Where should the focus of physical security management of commercial properties be in the face of the ongoing COVID-19 pandemic? It’s all about risk management and the thoughtful application of procedures, writes Luke Percy-Dove*

All workplaces are vastly different today, due to COVID-19, and will continue to be so for some time to come. But businesses don’t experience less risk when people aren’t at work – just different risk, needing different security methods. One of the most significant effects of COVID-19 has been a reduction of people in the community. While the natural assumption is that this may be a good thing from a risk perspective, it’s not all positive.

If you’re a managing commercial properties, your security strategy must adapt to the change in operations and maintain consistency under all circumstances. We’re now 18 months into the pandemic in Australia and have mostly adjusted to life under the new controls and restrictions. Given the pandemic’s course, the rules around our workplaces are unlikely to change for some time yet.

This means that security is going to need to continue to function in anything but a business-as-usual fashion for some time to come. So, what does this mean for managing risk and security in commercial properties? Essentially it means security may continue to have to function in an altered state for many months and possibly 12 months or more after the pandemic ends – that ending remains opaque.

This is because the security functions of commercial property were structured to deal with a set number of people, over a set number of hours each day. But now, workplaces are mostly empty and the security needs of our buildings and open spaces are very different.

And even when workplaces reopen, the expectation is that the hours of operation could be vastly different to allow people to start and finish at different times. This will help with social distancing in the workplace by restructuring working hours to allow people to continue working from home, avoiding everyone being in the workspace at the same time.

Either way, the days of maximising the available floor space through the use of cubicles and workstations appears to be over for the foreseeable future, and perhaps even permanently. As a result, our workplaces now and into the future, are quite different.

Crime Prevention Through Environmental Design (CPTED) plays a significant part in crime prevention by making people easily observable. However, the whole philosophy of CPTED breaks down when people aren’t around to observe, and in turn discourage, criminal activity. We’ve seen a number of incidents over the last few weeks that we believe were contributed to by the current pandemic. These included:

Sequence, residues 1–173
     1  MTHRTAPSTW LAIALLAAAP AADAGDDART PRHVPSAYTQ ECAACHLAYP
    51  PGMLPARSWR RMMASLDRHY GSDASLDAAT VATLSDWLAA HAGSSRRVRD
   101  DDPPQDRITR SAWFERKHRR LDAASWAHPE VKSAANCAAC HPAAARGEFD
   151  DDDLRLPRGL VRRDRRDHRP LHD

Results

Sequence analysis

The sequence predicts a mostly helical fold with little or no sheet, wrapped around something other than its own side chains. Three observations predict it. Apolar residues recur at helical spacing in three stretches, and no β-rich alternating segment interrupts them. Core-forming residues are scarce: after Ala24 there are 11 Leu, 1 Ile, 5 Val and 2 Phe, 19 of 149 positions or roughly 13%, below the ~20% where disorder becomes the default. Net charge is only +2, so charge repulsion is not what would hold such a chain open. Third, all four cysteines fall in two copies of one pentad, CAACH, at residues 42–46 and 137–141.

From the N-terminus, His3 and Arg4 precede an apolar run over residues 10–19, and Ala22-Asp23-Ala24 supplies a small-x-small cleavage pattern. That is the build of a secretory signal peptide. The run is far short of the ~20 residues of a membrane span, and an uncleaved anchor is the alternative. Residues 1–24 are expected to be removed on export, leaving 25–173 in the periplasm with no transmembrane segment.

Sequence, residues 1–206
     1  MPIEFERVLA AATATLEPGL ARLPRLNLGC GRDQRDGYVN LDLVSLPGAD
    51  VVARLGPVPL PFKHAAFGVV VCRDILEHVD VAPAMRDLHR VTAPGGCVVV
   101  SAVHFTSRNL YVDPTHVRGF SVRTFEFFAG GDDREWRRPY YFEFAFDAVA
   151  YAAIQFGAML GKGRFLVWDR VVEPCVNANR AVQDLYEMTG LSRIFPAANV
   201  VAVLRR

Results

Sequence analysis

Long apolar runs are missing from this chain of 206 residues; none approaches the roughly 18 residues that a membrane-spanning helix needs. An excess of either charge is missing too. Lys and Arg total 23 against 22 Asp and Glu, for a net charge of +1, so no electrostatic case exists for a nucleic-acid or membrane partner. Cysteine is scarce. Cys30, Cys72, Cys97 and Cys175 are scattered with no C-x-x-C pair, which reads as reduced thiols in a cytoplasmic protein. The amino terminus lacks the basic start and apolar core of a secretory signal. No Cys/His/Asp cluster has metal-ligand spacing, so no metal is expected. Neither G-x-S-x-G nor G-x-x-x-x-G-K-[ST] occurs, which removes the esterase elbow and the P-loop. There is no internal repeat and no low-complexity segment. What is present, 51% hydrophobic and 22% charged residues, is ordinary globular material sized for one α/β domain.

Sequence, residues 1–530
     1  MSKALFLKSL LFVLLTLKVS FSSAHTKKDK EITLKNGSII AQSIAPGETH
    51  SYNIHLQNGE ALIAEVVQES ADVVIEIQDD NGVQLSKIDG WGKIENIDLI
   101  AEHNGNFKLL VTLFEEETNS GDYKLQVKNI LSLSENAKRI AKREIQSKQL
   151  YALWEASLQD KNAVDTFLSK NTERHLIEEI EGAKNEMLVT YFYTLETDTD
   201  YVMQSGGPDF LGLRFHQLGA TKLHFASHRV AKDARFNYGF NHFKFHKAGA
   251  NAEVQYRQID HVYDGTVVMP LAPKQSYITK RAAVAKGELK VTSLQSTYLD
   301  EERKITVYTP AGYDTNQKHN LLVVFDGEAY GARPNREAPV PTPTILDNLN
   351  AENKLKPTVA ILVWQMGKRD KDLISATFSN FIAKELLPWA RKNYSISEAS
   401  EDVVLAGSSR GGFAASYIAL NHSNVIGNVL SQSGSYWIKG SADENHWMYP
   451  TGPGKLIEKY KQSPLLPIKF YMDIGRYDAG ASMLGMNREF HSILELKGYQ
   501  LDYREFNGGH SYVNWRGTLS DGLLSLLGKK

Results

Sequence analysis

* An assault and bag snatch in a shopping centre that all but went unnoticed because of the low level of patronage
* A shop front that was the target of a very brazen robbery that occurred on one of Melbourne’s busiest roads
* An armed robbery undertaken by people wearing face masks as many in the community are.

Crime hasn’t stopped because of the pandemic. In some respect, it’s lower in some categories but higher in others.

We’ve also had to review incidents associated with rough sleepers, illicit drug use and opportunistic theft in places where we haven’t seen them before. We’re also attributing these activities to the inherently low levels of vehicle and pedestrian around town. Our workplaces are different and the risks that the workplaces are exposed to are now also different. The question is, has your security strategy adapted to the change in operations? And how do you know if what you’re doing is effective or not?

Security needs to be as adaptive as the world we live in is unpredictable. And what is absolutely apparent, is that over the next 18 months, our world is going to continue to change as we strive towards a new version of ‘normal’. This means that the security strategies we deploy will need to be fluid enough to deal with the changing work environment, while maintaining a property’s risk position at an acceptable level. Two areas to focus your security management plan on right now include:

* Update the standard operating procedures (SOP’s) for security officers: The operational security elements of the business are going to keep changing, which means that supporting documents should be continually revised in line with the changes. SOP’s rarely get updated and will be the first thing overlooked. Yet, they’re a key element of any functional security strategy.

* Training and induction for security staff: Training and inductions for security staff need to keep adapting to the changes in security operations. They’re also unlikely to adapt, because this is an area of the security industry that has always been under-managed by clients and service providers alike. During times such as these when we’re operating with reduced resources and budgets, this will be one of the first things overlooked.

For security to be effective, it needs to adapt to both local and global changes. It needs to remain consistent under all circumstances. And consistency is very difficult to achieve if we’re managing security and risk on the fly, as is happening in so many businesses right now. Risk has not gone away, it’s just different to what it was. Are you managing your security and risk position effectively?

* Luke Percy-Dove is one of the most respected and highly regarded security advisers and security design consultants in Australia and has been a trusted key player in the security industry for more than two decades, delivering security solutions for hundreds of businesses and organisations nationally.

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